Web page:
It’s been a week since we’ve been completely cut off from the world: no cell phone, no Internet, no news. Four or five times a day I listen to the weather as broadcast by Chris Parker or the Coast Guard, and I spend what seems like hours scanning the radio dial looking for news. Of anything. Anywhere. I can always find religious stations broadcasting clear-as-a-bell entreaties to repent but I can’t find NPR or the Beeb.
Years ago I had my trusty Sony ICF-2010 shortwave receiver in the kitchen of our house and listened nearly every day to BBC World Service programming. Then they decided they didn’t need to broadcast to North America on shortwave because most people could listen to the online stream. A great hullabaloo ensued with petitions and letter-writing campaigns, of which I was a part, but the decision was made and now there are no shortwave frequencies in North America where you can find World Service. Armed Forces Network rebroadcasts some NPR programs on shortwave but I’ve been unable so far to tune anything in.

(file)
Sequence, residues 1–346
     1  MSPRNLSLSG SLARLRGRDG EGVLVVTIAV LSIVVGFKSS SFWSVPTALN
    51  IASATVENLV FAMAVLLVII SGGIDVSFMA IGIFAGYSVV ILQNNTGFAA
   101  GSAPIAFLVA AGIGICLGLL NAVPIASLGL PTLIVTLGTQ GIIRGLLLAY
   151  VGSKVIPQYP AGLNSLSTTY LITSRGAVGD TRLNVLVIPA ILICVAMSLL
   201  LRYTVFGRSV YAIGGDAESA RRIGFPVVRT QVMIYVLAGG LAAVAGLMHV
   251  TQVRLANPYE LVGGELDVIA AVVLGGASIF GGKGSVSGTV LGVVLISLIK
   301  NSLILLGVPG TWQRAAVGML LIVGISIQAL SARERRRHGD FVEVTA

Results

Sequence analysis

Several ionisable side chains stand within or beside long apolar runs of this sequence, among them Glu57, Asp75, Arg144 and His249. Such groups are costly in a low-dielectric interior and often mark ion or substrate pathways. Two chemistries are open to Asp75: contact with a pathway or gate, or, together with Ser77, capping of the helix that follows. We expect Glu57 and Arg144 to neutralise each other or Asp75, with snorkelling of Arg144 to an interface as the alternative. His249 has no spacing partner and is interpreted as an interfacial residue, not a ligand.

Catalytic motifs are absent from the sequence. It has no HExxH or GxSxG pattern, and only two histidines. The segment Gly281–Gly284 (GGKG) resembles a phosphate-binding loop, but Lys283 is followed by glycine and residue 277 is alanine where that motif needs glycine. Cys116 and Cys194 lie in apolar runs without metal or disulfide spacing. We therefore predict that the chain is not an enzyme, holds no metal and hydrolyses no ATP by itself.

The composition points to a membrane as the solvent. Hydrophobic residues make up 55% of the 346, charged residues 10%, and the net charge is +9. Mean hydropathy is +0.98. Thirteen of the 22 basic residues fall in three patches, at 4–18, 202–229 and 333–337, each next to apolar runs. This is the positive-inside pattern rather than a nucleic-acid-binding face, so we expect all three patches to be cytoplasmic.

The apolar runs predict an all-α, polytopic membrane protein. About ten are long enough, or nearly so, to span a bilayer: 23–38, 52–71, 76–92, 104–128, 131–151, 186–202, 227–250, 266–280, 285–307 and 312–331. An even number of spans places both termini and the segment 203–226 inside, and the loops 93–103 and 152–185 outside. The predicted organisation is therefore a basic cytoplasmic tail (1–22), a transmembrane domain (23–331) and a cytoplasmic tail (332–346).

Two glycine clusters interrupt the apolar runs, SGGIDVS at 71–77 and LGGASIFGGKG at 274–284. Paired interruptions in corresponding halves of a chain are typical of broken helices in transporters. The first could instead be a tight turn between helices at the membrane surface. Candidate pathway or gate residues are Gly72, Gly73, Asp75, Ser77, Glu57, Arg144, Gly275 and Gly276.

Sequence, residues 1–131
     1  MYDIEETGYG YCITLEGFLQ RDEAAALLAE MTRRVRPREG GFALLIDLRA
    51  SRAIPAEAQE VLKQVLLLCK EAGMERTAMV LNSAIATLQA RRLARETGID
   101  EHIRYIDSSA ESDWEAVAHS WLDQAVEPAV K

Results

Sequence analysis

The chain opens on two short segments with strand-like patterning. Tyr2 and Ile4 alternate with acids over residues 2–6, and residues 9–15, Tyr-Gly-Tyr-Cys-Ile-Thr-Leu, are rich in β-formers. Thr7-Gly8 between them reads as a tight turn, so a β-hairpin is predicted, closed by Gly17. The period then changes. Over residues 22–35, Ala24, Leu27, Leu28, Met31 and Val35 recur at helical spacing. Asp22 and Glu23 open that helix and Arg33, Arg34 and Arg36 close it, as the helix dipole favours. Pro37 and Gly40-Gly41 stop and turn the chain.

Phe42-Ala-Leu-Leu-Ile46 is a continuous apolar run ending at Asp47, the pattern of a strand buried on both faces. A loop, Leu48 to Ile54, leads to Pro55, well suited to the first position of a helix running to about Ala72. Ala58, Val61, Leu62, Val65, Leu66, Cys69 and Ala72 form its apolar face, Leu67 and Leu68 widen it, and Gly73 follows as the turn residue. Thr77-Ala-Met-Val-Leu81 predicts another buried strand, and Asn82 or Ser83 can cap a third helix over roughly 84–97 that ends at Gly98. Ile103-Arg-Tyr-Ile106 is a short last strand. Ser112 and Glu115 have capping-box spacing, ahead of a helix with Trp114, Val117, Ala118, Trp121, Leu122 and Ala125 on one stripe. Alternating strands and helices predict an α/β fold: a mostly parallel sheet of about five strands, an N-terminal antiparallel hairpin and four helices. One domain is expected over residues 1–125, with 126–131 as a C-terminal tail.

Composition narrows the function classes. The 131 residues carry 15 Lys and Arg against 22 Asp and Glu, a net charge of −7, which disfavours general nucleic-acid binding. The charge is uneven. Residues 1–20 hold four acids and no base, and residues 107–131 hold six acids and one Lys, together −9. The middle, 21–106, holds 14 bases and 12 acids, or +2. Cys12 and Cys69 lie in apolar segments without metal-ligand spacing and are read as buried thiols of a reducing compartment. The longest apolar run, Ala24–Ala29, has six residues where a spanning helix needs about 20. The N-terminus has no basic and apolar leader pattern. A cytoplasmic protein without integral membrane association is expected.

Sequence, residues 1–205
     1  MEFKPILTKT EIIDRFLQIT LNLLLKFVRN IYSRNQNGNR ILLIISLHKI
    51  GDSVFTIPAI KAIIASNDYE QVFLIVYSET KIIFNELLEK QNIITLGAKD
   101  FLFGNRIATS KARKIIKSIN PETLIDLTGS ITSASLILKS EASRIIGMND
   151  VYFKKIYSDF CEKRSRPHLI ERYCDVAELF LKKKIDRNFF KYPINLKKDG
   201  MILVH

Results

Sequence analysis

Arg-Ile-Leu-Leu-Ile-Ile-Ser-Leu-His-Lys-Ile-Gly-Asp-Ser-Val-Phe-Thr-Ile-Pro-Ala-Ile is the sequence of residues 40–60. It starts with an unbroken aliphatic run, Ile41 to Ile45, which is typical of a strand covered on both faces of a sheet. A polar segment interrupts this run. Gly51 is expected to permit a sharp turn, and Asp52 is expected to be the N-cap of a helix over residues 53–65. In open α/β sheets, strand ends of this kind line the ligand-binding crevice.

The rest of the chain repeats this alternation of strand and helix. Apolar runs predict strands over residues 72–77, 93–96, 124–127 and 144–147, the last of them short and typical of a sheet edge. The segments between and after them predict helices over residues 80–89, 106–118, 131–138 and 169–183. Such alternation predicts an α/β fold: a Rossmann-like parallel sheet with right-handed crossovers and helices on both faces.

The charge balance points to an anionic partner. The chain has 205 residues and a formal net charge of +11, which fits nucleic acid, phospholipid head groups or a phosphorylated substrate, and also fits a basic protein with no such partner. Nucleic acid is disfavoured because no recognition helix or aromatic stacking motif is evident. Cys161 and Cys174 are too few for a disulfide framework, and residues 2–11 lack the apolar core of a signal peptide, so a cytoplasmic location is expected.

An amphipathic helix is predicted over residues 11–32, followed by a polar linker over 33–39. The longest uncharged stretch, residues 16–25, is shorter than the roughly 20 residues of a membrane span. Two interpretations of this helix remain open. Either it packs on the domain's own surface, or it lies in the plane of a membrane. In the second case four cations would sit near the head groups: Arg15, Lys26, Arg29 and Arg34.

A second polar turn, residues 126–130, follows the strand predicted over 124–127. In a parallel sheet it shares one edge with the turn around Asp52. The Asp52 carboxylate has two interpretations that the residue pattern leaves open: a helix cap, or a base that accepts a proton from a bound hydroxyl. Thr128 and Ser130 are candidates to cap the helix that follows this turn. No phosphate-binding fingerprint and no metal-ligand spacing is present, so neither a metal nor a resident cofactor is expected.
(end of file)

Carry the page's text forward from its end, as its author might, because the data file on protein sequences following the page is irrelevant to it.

Imagine — especially if you are news junkies like we are — being so out of touch with what’s going on in the world. It’s torture!
This morning I was a little early sticking the earbuds in for Chris Parker’s 6:30am weather report so I scanned the regular AM dial just ’cause. Eureka! There was a garbled voice in English and I focused my whole attention on fine-tuning the signal. What joy, followed by disappointment, to find it was Howard Stern. I had a readable signal for about a minute during which I learned that Margaret Thatcher’s funeral is today and someone bombed the Boston Marathon. Holy cow! Then the signal disappeared and I couldn’t find another signal again. Rats!
Damn you, BBC.